TO MAKE IT MOST LIKELY THAT A SECURITY DEPOSIT IS RETURNED OR CANNOT BE KEPT BY THE LANDLORD, A TENANT SHOULD TAKE SOME IMPORTANT STEPS BEFORE LEAVING THE PROPERTY:

– Give the landlord at least 70 days notice before leaving the property that the lease is not going to be renewed;

– Leave on time at the end of the lease (not 2 weeks early or 2 days late);

– Give the landlord 14 days notice by certified mail of where the tenant’s forwarding address will be;

– Make sure the place left behind is as clean and undamaged as possible. Little stuff goes a long, long way for this.

This video and the information provided in it is a free informational service courtesy of www.FloridaTenant.com (a service of Churchill & Wells, LLC).

Links to the forms discussed in our videos:

Florida Lease Termination Package – https://www.floridatenant.com/links

Florida Rent Withholding Package – https://www.floridatenant.com/links

Florida Security Deposit Dispute Package – https://www.floridatenant.com/links

Florida Eviction Defense Package – https://www.floridatenant.com/links

Settlement Agreement Between Landlord and Tenant Package – https://www.floridatenant.com/links

WARNING: Don’t rely solely on legal forms or instructional videos for legal advice, ESPECIALLY if you don’t fully understand how the law works on your issue. Florida Landlord-Tenant laws can get very complicated and every case is factually different, and you should always seek legal advice directly for your situation. You can schedule a consultation with our attorney at www.FloridaTenant.com, or seek the advice of a local landlord-tenant attorney in your county. None of these instructions, forms, or videos available through FloridaTenant.com should be understood as legal advice for your particular situation, and these materials should be augmented by legal advice of an attorney.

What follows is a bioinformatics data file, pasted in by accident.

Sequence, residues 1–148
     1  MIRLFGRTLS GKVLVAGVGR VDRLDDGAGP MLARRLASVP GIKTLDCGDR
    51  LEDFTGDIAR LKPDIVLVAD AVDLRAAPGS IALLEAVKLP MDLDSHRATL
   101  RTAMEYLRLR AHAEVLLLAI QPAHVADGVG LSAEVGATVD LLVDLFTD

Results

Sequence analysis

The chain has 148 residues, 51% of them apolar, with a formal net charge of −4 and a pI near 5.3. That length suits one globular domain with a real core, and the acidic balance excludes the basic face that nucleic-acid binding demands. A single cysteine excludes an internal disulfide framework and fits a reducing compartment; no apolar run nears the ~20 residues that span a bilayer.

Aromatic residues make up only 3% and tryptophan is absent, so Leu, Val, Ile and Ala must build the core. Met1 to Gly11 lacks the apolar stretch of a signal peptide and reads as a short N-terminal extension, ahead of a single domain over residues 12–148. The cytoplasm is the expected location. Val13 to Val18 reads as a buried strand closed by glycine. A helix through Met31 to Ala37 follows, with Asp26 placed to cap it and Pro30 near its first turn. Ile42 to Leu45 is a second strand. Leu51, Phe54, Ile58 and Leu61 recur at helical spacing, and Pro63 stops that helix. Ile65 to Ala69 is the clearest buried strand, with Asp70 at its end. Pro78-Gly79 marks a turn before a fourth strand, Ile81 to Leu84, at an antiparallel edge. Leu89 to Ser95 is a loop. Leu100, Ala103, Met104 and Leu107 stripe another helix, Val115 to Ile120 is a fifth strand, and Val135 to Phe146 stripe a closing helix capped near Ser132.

Link to the Florida Landlord-Tenant Act: http://www.leg.state.fl.us/Statutes/index.cfm?App_mode=Display_Statute&URL=0000-0099/0083/0083.html

Also, check out the link below regarding our favorite helpful products that are available to help protect tenants from nosy landlords and problem rental properties, like non-destructive ways to deal with rodents and bugs, helpful tools to make sure that the landlord is not entering your home uninvited, and handy stuff to make the property more liveable when the landlord is not trying hard enough. THESE PRODUCTS CAN MAKE TENANT LIVING EASIER AND KEEP LANDLORDS HONEST:

https://www.floridatenant.com/links
Video Rating: / 5